Shortened intervals during Heterologous boosting preserve memory CD8 t cell function but compromise longevity

Emily A. Thompson, Lalit K. Beura, Christine E. Nelson, Kristin G. Anderson, Vaiva Vezys

Research output: Contribution to journalArticlepeer-review

19 Scopus citations


Developing vaccine strategies to generate high numbers of Ag-specific CD8 T cells may be necessary for protection against recalcitrant pathogens. Heterologous prime-boost-boost immunization has been shown to result in large quantities of functional memory CD8 T cells with protective capacities and long-term stability. Completing the serial immunization steps for heterologous prime-boost-boost can be lengthy, leaving the host vulnerable for an extensive period of time during the vaccination process. We show in this study that shortening the intervals between boosting events to 2 wk results in high numbers of functional and protective Ag-specific CD8 T cells. This protection is comparable to that achieved with long-term boosting intervals. Shortboosted Ag-specific CD8 T cells display a canonical memory T cell signature associated with long-lived memory and have identical proliferative potential to long-boosted T cells Both populations robustly respond to antigenic re-exposure. Despite this, shortboosted Ag-specific CD8 T cells continue to contract gradually over time, which correlates to metabolic differences between shortand long-boosted CD8 T cells at early memory time points. Our studies indicate that shortening the interval between boosts can yield abundant, functional Ag-specific CD8 T cells that are poised for immediate protection; however, this is at the expense of forming stable long-term memory.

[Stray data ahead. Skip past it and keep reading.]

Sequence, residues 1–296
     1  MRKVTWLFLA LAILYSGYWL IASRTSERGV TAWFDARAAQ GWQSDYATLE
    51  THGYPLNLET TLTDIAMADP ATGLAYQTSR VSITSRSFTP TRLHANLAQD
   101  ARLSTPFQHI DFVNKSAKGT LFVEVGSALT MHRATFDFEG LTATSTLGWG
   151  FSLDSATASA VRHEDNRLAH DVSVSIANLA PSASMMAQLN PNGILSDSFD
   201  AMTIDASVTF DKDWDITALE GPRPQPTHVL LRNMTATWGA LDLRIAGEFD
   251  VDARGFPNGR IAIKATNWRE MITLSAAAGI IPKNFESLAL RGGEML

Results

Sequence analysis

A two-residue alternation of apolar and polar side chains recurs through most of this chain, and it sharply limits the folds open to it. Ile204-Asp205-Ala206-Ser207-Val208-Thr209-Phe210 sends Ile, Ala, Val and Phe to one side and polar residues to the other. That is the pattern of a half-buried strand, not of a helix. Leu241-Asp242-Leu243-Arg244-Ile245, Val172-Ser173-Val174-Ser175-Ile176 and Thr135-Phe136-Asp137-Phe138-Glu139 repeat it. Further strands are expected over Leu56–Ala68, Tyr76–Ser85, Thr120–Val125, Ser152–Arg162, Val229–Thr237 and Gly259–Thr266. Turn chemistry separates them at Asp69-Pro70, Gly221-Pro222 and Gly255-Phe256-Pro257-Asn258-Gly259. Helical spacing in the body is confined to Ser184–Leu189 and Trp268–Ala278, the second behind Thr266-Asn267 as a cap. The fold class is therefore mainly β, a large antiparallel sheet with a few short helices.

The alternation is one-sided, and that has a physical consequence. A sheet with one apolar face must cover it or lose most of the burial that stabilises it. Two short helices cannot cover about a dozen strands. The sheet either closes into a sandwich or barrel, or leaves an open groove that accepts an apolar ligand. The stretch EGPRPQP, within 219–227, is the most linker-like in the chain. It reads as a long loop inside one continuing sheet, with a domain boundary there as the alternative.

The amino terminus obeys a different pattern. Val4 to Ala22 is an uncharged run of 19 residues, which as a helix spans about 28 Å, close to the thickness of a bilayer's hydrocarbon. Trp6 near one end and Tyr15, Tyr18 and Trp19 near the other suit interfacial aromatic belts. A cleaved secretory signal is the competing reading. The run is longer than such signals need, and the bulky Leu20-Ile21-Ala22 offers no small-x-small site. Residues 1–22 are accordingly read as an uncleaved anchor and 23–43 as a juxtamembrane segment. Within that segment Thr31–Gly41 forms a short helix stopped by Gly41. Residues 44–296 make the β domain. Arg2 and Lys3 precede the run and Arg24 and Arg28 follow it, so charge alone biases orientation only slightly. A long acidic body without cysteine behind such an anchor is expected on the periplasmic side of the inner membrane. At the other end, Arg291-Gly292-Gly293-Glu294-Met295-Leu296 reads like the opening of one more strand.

Original languageEnglish (US)
Pages (from-to)3054-3063
Number of pages10
JournalJournal of Immunology
Issue number7
StatePublished - Apr 1 2016

Bibliographical note

Funding Information:
This work was supported by National Institutes of Health Grant DP2OD006473 (to V.V.) and National Institutes of Health Immunology Grant T32AI007313 (to E.A.T. and C.E.N.). We thank Dr. David Masopust for discussion and critical reading of the manuscript and Dr. Kathryn Fraser and Eric Hanse for discussion of metabolic assays.

Publisher Copyright:
Copyright © 2016 by The American Association of Immunologists, Inc.


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